Training Strategy for LA Marathon

Training for a marathon is not easy and even harder when I am struggling to make it out for runs consistently. In the past, my training plans called for 5-6 days of running, where 2 of the days were speed work – intervals and tempo and long run during one weekend day. I used to double up cross training and runs at least once a week. Those days are long gone.

For the Los Angeles Marathon, my goal will be to finish the race in a respectable time. What does respectable time mean? Well, for right now, I am not sure. I signed up for the race so I had a goal and something to motivate me to run consistently. I missed the structure of having a schedule and everyone knows I am much happier and nicer after I have had a good sweat.

While I am not completely starting from fitness level zero, my days of having a strong base are a distant memory. These days my base is about 2-3 miles. While I was pregnant, I read about the “Run Less Run Faster” training philosophy created by the Furman Institute of Running and Scientific Training. For more research, I purchased the book leading up to developing my plan. While I have not read the book cover to cover yet, I find it to be a good resource and I’m sure will be useful in many more training programs to come. The theory behind the program is that more miles does not equal faster race results. Not only are there other time commitments that prevent people from being able to run as often as possible, for some, running more leads to injuries as well. The FIRST plan calls for 3 tough days of running and 2 hard cross training days. In the 3 days for a marathon, there are track repeats/intervals, tempo runs, and the long run. There are several critiques to this plan (as with all plans out there) which I acknowledge and respect but for me and my current training situation, this plan seems to make sense. I’ll definitely plan on doing an overall training recap after March 19th!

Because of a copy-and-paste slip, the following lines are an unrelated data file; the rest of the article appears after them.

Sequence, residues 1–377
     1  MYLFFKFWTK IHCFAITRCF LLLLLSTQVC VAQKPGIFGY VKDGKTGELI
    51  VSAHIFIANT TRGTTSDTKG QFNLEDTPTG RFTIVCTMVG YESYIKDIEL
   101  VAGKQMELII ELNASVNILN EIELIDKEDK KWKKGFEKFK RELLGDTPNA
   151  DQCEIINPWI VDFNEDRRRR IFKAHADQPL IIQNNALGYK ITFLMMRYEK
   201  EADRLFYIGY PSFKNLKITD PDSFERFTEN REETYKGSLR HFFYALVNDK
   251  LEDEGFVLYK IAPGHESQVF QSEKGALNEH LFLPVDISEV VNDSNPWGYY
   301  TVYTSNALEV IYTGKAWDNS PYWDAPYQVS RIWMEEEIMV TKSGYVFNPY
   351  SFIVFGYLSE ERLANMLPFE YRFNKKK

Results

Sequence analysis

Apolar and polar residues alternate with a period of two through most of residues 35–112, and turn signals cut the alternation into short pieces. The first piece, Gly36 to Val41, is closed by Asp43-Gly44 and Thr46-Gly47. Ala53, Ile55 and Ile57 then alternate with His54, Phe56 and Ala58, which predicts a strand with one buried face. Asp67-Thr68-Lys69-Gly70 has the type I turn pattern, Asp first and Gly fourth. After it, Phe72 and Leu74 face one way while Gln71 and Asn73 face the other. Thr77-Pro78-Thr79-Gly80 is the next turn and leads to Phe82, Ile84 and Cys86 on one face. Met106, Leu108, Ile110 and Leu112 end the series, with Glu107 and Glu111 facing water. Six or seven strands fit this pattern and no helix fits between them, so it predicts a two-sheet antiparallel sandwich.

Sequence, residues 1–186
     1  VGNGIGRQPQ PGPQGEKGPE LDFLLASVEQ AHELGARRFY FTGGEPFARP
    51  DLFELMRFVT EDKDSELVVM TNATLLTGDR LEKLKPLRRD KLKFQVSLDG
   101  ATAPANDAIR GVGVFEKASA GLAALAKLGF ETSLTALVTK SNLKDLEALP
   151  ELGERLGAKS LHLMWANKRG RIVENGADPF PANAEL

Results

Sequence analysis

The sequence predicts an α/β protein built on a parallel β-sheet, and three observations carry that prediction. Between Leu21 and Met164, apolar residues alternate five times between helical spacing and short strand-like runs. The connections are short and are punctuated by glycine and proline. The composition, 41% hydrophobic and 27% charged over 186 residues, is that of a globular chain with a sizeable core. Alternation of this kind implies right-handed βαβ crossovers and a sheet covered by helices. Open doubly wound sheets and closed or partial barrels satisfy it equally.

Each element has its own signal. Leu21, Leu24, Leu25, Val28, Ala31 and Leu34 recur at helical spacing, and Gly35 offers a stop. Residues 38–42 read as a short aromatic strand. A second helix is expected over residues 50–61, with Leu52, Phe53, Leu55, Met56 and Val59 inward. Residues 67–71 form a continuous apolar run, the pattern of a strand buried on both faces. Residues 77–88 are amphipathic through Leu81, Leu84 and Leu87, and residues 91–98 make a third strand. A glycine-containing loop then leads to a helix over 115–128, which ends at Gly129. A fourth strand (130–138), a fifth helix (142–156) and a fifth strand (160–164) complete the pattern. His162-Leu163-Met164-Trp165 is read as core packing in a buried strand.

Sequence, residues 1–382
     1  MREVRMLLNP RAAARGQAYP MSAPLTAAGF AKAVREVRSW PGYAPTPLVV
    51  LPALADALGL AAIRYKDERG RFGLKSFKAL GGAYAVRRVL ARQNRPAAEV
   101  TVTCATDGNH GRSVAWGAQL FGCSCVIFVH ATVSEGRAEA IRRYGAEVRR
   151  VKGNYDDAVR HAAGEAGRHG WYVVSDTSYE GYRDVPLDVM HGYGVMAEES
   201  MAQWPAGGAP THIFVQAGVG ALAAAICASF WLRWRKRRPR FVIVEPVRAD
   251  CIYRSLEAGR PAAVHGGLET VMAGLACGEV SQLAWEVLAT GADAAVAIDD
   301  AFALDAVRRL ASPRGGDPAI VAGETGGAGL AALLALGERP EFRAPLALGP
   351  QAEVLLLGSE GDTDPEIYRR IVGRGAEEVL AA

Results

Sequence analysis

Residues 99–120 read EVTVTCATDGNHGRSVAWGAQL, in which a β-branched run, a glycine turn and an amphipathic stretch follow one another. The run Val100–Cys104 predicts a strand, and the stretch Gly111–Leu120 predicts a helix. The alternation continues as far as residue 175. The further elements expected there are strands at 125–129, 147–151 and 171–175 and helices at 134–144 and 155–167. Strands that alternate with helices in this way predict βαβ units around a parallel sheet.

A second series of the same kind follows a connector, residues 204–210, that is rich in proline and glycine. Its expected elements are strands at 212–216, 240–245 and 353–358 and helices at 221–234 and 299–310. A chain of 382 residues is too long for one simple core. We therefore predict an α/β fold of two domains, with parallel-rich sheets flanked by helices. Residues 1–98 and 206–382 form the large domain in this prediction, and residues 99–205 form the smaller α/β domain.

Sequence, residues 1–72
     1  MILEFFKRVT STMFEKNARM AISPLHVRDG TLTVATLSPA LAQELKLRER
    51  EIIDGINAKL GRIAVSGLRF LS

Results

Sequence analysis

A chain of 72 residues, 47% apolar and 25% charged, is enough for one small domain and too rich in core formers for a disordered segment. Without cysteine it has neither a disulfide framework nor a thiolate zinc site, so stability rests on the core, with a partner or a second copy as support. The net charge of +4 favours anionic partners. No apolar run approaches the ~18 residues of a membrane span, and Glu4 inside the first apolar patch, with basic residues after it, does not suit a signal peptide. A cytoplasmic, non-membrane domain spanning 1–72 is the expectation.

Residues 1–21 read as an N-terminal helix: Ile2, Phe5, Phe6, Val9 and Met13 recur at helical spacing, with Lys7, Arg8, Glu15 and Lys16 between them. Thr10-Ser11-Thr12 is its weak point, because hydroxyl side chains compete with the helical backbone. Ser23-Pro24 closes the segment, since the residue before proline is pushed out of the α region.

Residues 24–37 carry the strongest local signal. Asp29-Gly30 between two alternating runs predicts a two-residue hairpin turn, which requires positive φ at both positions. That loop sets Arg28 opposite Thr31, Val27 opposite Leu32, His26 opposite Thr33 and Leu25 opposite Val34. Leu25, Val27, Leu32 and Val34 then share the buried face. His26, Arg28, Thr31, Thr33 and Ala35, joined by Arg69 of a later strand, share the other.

My training plan, which started three Mondays ago, is built on the FIRST foundation — three days of hard running: intervals, tempo, long run + two days of cross training: easy run, elliptical, or spin class + one day of barre. Most days I am up around 4:30AM to get ready for the day before the workout and many runs are unfortunately on a treadmill since it is still dark out. I try to join a local running group when I can and sign up for as many races that make sense so I can get some speed/tempo work in outside. So far it has been a challenge to get up that early and out the door but it does feel great to be done with your workout before the sun rises(!).

I’ll continue to keep you all posted in the months head. Look for my training recaps every couple of weeks!

NYC Marathon Weekend

img_6183It’s 51 weeks until next year’s NYC Marathon! With my cancelled entry for this year, hopefully I will be toeing the start line on November 5, 2017.

img_6179It was weird to not be carb loading on Saturday night at the team pasta dinner. Instead we went out to an early birthday dinner at Halifax and ate a lot of seafood (a must try if you’re in Hoboken). Even though I was not running the race, we still participated in the festivities. For the last 8 years, there was only one year that I was not out spectating or running the race and it was because of a wedding. This year I ran the Abbott Dash to the Finish Line 5K and on marathon Sunday, Josh, Charlotte and I went out to cheer on all the runners. Before we went out to the city, it was fun to watch the pre-race coverage and the elites finish their face. It was awesome to watch Molly Huddle finish in 3rd place in her marathon debut!

img_6195Josh and Charlotte spectated for a bit right before mile 26 on Central Park South and I went up to 130th and 5th Avenue, around mile 21.5, to meet up with a friend and run the last 4 or so miles with one of my cousins. Before he arrived, I was able to cheer on a couple of friends and another cousin (I have a big family and many runners in it!). The weather was gorgeous albeit maybe a bit too sunny for the runners but great weather for the spectators.

I had coached my cousin on his first marathon and was glad that I was able to help pace him for some of the hardest miles of the race — 5th Avenue hill and the last couple of miles through Central Park. It was extremely exciting to hear the roar of the crowds and amazing support for all the runners.

The NYC Marathon is an experience for runners and spectators and not to be missed if you are local or coming into the area on the first Sunday of November! Congratulations to all the runners again on an amazing accomplishment!